3 Things 10-25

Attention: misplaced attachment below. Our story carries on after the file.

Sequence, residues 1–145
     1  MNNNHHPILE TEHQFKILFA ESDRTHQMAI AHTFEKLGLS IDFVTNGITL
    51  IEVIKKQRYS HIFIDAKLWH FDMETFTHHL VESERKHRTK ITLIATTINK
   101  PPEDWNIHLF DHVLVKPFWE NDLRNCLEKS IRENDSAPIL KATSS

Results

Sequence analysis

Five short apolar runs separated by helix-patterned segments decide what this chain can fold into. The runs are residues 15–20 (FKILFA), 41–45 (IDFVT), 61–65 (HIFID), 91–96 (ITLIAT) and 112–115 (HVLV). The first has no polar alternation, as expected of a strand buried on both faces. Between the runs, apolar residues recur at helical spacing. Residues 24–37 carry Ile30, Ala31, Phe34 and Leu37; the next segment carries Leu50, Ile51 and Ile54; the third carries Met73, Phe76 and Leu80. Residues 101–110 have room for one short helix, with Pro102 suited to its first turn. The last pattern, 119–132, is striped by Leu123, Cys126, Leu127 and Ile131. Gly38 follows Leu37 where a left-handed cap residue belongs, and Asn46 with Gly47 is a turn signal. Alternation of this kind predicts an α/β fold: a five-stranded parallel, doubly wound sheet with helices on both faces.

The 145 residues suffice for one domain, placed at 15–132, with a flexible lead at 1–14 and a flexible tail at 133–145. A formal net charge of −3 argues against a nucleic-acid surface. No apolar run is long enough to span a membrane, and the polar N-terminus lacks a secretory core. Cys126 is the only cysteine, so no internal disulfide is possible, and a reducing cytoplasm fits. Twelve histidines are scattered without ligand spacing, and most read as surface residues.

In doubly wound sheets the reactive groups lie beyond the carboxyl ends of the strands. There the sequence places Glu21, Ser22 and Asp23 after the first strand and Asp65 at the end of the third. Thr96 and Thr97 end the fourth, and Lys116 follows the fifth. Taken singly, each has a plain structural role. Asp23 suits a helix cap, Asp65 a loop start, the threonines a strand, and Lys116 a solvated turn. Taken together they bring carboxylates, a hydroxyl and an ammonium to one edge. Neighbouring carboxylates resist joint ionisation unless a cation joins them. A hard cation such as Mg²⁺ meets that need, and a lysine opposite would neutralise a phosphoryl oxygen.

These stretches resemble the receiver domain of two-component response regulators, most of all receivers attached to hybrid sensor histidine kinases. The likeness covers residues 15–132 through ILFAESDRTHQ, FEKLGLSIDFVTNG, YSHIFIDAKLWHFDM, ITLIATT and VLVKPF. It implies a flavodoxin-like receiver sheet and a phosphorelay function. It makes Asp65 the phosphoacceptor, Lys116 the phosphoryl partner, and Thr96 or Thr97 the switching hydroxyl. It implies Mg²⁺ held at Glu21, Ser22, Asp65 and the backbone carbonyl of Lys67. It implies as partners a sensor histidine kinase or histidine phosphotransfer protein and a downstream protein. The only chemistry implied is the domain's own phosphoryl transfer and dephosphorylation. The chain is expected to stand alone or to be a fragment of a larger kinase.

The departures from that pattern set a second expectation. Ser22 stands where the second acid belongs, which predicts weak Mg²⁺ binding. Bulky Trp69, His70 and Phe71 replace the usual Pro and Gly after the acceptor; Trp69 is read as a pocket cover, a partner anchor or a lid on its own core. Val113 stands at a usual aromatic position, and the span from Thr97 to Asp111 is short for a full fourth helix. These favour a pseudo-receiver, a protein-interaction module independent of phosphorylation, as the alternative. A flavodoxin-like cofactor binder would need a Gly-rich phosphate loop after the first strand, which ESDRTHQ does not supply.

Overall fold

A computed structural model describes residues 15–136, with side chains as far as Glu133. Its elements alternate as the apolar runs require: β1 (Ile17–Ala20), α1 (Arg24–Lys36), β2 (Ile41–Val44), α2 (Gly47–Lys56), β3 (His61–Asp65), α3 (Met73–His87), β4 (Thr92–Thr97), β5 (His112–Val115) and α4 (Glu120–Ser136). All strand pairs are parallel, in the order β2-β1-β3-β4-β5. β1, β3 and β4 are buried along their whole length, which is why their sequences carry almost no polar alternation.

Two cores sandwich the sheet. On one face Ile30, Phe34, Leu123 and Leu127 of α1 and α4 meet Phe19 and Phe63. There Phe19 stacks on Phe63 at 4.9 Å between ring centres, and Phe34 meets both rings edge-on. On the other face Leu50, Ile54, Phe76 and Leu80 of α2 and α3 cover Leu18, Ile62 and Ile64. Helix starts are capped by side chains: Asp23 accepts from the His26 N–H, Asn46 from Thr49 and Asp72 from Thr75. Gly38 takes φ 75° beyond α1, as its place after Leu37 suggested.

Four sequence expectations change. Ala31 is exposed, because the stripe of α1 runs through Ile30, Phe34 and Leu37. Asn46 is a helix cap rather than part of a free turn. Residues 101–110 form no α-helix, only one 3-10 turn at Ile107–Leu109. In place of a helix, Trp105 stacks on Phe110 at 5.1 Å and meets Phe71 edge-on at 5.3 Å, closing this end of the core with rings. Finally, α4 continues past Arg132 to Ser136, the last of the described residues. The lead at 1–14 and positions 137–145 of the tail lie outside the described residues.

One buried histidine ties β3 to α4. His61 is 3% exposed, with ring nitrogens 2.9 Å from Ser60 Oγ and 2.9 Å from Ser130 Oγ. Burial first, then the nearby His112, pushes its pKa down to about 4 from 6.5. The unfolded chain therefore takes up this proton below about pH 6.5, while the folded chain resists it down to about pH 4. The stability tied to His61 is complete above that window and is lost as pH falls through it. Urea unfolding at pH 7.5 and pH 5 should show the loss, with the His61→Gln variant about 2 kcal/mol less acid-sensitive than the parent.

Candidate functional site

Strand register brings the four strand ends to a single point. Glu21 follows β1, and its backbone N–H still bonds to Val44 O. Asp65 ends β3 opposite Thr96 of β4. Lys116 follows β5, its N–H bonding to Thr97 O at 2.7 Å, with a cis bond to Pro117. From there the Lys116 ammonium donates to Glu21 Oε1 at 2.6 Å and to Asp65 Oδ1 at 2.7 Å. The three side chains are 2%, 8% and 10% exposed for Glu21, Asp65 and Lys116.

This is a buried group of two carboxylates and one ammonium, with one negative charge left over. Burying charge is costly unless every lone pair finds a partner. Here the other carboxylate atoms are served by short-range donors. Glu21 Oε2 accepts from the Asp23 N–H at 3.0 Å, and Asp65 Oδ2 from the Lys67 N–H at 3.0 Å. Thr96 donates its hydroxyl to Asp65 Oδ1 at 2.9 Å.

10/25/2021 Although MAS is a financial services company, not everything published herein will be about numbers or investing. But no matter the topic, we hope for three things: 1) That you find the time you spend engaged worthwhile. 2) That you’ll reach out to us for help in any of our areas of expertise if something we discuss creates an urging in you to do so. 3) That you’ll share this with somebody new each time you read it. Thing One When Is Best Time To…? About 25 years ago, I caught the fishing bug after I went with a group of co-workers and customers as a part of a company outing. We fished in a small, stocked pond in South Georgia where even a novice like me could coax fish into biting virtually at will. I didn’t know at the time that the pond was stocked and, as a result, got a bit fooled by my perceived ability to catch fish. As a result, I was hooked and I wanted more fish to be hooked too. So I bought all kinds of fishing poles and lures and started fishing. And I spent many Saturday mornings educating myself by watching fishing shows. The guys on those shows were the best. They always caught big fish. I know, I know, it was T.V. and they could edit all they want, but just indulge me for the sake of the story. In the shows, they stressed the importance of having the right equipment and the right tackle. And they also talked about the science of fishing. But they talked about it in a language that was just on the other side of penetrable for me. So my stringers (that’s fishing lingo for the number of fish you catch in an outing) never looked like theirs. In my quest to match them, I asked an older guy who I knew was a fisherman (he actually looked the part, by the way) when was the best time to go fishing. Now before I give you his answer, I should say that as a part of my attempt at self-educating on fishing techniques, I’d come across various ideas related to the weather patterns, the seasons, and even the lunar cycle. I’d expected the old man to answer with some mixture of the three. Instead, he said, “whenever you can.” It was such a blunt response that I expected laughter and an elaboration. I got neither. We were at work when I asked the question and he simply answered me and walked away. He did (later) invite me to go fishing with him though, and it was on that first trip that his answer got contextualized. I think we caught one fish that day. We still had fun though. That’s was the point. The purpose of fishing for him, as he explained to me, was to have fun so he thought it would be silly to get bogged down in too much calculating in deciding when to go. If it’s fun, he reasoned, why not go whenever you can? He further explained that since 90% of the fish are typically in 10% of the water, no matter what body of water you’re talking about, it was all about knowing where to be, when. Needless to say, my stringers got bigger after my sessions with the old man. That was a longer than usual analogy to introduce the advice another old friend and mentor who taught me most of what I know about investing once gave me. I’m paraphrasing, but the essence of what he said was, “investing is about three things: being in the market, being in the right sectors, and finally being in the right stocks within the right sectors.” So, when is the best time to invest? When you have the money to invest. Yes, there are lots of things to worry about – inflation, recessions, etc., but given the meager returns on the so-called “safe” investment vehicles relative to current and trending inflation levels, if the purpose of investing is to achieve real (net of inflation) returns, you’ll have to fish where the fish are.